The corporate radio trend of "Jack FM" (and all the clones) seems to be on the wane. For the past 3-4 years, radio stations have been jettisoning heritage formats that were deemed either to be under-performing or having weak future potential to increase ratings and revenue. In place of the old format (usually Oldies), a "new" format intended to capture the huge "variety" found on individual iPods. Jack, Bob, Mike, Ben, Dave...they all try to position themselves as the "We Play Anything" local radio station. "No downloading required." "We play want we want." "We take requests...ours."
Nationally, these formats popped up first in Canada -- some with huge success, some not. The US picked it up a couple of years ago. Again, some hits, some flops (kinda like how the format actually sounds with the songs that are played). 2005 seems to have been the peak year for these format flips...there really hasn't been much new action since CBS Radio's flips in Chicago, LA and New York last spring and summer. Like in Canada, the US entries have a mixed bag of success (with a lot of disappointing results). Some don't have live DJs, some do. They all try to play a wider range of music styles than most other narrowly-programmed commercial radio formats which forgot how to program with passion and listener surprise decades ago.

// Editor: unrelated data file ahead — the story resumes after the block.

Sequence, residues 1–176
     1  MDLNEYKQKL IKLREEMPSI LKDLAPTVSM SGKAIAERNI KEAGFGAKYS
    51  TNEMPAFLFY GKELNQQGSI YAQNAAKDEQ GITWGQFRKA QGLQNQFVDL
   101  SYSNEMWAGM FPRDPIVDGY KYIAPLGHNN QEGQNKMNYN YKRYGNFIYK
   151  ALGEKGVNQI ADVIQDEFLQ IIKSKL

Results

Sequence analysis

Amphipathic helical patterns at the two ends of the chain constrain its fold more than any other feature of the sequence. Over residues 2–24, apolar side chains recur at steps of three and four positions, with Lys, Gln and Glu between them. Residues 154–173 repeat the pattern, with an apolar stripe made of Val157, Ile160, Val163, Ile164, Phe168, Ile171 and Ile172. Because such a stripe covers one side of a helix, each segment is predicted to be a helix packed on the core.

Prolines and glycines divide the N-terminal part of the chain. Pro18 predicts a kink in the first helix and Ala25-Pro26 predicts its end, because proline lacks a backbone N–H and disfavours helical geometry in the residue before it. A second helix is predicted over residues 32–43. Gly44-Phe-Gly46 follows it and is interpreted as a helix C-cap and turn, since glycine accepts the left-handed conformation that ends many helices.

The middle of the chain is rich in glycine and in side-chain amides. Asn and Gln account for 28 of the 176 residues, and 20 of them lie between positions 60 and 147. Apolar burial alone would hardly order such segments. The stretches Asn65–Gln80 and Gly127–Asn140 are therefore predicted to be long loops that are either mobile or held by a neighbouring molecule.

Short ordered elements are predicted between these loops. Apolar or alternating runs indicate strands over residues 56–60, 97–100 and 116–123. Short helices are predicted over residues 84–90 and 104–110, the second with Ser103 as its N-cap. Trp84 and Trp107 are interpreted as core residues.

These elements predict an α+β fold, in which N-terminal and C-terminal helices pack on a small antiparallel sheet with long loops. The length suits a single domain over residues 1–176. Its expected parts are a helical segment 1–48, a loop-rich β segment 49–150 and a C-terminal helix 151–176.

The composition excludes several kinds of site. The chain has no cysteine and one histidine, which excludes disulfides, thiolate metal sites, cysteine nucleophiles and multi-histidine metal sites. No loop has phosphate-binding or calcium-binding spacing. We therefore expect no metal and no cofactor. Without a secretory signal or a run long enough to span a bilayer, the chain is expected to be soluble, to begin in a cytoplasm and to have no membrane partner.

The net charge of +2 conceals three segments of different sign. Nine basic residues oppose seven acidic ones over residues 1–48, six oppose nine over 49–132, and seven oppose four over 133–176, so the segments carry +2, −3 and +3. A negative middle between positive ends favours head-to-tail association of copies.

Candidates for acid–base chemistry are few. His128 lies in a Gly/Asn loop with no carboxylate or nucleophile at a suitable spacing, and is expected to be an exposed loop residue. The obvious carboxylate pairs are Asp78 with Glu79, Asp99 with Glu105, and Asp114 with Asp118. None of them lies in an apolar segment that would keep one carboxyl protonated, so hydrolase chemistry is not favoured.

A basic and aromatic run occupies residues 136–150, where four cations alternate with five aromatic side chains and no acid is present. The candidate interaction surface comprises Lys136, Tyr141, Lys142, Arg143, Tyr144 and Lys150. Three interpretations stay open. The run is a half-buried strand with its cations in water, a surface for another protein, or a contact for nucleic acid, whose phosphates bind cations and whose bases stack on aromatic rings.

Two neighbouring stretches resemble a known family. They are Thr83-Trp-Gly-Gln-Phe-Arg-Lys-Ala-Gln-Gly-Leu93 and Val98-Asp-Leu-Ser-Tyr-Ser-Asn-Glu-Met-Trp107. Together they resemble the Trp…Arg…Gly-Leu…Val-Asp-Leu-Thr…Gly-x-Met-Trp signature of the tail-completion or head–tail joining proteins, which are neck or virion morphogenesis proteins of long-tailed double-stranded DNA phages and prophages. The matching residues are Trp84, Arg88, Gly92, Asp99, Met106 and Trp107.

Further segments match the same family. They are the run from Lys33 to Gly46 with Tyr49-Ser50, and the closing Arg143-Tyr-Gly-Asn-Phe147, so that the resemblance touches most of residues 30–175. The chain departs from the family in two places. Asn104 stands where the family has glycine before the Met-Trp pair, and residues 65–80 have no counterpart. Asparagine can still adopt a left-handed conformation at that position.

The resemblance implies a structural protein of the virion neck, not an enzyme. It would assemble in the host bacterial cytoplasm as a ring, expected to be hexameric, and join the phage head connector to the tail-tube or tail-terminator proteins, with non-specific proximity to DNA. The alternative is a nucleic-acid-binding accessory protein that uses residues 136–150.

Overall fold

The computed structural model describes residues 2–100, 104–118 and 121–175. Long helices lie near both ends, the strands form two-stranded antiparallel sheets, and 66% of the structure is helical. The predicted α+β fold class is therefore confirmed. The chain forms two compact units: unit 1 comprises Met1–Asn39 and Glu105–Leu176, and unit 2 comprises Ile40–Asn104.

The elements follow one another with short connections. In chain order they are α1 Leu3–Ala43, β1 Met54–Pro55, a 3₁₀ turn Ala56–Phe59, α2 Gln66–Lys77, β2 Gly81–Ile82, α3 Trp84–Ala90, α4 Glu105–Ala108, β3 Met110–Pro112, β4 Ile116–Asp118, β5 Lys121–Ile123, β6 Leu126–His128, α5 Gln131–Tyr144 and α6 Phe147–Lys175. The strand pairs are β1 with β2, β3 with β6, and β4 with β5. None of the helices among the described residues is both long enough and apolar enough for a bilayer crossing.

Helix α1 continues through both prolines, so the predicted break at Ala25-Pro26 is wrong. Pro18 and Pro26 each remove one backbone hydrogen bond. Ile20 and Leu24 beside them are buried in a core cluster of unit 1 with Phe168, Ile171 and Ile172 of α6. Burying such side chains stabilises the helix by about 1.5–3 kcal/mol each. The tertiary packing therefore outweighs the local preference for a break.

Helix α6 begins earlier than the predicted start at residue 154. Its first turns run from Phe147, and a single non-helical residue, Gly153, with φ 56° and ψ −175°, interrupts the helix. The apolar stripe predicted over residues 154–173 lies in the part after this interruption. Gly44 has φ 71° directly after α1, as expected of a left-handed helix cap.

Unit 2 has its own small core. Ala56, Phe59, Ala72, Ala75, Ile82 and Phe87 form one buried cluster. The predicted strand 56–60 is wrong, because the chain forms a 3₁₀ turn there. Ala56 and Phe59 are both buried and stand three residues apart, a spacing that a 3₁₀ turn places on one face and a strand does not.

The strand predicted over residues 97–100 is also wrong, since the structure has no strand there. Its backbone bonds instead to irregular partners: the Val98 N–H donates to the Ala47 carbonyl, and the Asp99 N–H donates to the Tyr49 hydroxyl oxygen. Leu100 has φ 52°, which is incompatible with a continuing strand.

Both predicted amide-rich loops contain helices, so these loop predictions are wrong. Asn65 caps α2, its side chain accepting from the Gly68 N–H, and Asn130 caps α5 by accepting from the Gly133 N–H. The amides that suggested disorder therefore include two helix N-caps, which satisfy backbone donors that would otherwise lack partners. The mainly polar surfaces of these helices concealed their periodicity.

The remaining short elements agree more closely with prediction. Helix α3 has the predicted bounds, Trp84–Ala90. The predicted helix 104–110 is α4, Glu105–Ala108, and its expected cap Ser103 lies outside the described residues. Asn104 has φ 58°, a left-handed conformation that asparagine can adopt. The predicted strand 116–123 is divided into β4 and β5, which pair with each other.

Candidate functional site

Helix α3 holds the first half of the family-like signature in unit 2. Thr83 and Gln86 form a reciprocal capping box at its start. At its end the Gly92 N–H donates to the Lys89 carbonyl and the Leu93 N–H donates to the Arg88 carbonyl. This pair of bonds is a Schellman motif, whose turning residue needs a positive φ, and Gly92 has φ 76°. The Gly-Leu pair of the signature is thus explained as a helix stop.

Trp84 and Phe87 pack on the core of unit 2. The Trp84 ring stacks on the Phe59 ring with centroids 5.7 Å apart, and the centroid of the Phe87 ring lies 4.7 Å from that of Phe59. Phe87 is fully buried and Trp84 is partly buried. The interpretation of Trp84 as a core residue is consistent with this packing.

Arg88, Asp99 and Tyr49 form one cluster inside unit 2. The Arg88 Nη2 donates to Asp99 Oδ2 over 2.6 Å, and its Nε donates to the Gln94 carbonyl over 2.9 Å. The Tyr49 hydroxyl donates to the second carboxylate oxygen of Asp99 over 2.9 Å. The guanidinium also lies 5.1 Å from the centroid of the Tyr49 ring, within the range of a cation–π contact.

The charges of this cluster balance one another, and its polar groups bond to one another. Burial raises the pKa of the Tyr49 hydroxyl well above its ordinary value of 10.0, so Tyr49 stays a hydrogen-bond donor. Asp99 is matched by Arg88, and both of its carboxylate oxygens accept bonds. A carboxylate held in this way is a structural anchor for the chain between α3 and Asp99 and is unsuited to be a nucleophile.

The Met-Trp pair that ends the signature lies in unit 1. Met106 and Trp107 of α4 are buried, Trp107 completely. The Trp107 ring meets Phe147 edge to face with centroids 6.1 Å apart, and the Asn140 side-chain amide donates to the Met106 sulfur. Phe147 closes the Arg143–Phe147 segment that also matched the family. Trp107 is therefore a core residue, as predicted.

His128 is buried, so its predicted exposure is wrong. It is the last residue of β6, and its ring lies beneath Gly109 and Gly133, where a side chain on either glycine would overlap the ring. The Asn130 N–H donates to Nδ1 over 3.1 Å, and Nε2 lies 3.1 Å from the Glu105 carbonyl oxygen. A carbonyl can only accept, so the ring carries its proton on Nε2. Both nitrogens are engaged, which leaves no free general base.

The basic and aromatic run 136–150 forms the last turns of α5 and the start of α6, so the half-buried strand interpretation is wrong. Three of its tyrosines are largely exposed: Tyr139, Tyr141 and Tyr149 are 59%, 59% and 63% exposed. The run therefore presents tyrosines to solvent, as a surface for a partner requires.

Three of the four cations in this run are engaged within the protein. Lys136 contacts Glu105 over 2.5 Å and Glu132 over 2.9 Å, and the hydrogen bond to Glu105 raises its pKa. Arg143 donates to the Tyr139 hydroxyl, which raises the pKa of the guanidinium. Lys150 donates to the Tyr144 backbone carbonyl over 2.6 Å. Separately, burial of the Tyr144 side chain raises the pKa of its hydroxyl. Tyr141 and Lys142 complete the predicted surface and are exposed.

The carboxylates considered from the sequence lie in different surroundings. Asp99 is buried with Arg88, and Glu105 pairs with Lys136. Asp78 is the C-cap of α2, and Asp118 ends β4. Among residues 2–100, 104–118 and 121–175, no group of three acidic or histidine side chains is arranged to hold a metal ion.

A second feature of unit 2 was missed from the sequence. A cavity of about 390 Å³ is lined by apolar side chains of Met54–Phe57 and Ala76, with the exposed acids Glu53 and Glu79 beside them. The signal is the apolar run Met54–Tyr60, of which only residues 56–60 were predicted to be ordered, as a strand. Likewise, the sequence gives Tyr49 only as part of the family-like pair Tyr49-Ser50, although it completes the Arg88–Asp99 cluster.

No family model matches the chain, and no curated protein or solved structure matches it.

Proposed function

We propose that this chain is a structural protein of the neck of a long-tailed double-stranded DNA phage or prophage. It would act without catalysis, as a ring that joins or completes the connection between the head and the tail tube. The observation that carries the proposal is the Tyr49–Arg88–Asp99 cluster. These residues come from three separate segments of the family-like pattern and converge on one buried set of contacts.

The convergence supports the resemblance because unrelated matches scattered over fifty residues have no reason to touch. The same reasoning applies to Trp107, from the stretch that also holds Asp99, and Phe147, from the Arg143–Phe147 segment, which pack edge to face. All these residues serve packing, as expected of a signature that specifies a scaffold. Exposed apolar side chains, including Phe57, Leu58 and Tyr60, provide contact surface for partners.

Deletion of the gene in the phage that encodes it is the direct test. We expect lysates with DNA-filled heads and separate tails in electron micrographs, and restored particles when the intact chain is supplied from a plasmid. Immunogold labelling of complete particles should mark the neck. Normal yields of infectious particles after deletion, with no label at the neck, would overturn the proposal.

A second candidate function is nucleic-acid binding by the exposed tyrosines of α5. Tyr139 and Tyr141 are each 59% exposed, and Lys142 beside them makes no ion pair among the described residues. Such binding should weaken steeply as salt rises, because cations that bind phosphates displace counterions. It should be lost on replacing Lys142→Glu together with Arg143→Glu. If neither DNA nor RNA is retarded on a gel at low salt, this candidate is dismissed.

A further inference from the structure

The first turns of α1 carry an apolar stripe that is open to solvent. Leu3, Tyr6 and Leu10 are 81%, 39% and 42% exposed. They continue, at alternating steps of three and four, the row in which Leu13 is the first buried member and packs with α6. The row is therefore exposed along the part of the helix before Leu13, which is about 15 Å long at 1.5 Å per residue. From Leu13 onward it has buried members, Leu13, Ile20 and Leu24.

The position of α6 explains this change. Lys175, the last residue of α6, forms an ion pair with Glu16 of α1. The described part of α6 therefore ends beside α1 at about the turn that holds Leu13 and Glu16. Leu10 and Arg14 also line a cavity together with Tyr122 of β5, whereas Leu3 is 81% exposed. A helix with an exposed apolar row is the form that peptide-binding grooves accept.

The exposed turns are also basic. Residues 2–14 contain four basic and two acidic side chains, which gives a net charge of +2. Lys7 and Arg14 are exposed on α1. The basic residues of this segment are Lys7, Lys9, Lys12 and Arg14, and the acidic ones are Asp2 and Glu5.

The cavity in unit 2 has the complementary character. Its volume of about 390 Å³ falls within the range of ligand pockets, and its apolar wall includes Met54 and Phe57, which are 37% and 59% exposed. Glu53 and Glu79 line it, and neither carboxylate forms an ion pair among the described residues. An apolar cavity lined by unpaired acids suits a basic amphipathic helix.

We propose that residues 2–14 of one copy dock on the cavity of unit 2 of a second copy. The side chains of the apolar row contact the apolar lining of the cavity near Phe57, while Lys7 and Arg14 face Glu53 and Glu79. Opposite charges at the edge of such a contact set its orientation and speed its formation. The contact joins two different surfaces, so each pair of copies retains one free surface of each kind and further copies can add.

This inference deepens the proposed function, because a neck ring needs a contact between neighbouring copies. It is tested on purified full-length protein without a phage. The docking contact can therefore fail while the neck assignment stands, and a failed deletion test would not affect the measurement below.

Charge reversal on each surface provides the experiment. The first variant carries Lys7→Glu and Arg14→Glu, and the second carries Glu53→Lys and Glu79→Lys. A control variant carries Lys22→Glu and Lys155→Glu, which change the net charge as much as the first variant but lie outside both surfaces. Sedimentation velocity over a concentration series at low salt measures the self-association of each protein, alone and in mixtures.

One common result: a lot of people saying Jack is not like "my" iPod. This seems particularly true in market research as well as with online blogs and radio fan forums across the country. Sure, some markets love Jack's dry "I'm an ass...you're going to listen to me and like it" personality and ratings zoom huge. In their own way, they like how it "sounds" anti-corporate. In some markets, though, Jack just sounds like an ass and a complete corporate lie.
When launched, Jack tries to attract the "whatever" crowd. After not much time at all, many listeners start to say, "Whatever, later." And that is happening more and more lately.
Last August, my favorite newspaper (and "America's Finest", or so it says) The Onion published a story by a writer saying how his local Jack was not the iPod he was told he was getting. It's an achival story...but it still resonates, especially as the Jack movement may be on the quick downslide...
posted by Chris Kennedy @ Friday, April 14, 2006,